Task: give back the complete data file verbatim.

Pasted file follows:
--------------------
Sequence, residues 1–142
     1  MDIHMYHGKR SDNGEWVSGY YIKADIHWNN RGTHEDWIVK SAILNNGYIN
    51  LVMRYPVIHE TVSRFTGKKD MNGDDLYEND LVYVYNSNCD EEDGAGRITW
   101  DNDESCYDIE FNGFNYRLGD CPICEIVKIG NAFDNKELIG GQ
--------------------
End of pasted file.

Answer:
Sequence, residues 1–142
     1  MDIHMYHGKR SDNGEWVSGY YIKADIHWNN RGTHEDWIVK SAILNNGYIN
    51  LVMRYPVIHE TVSRFTGKKD MNGDDLYEND LVYVYNSNCD EEDGAGRITW
   101  DNDESCYDIE FNGFNYRLGD CPICEIVKIG NAFDNKELIG GQ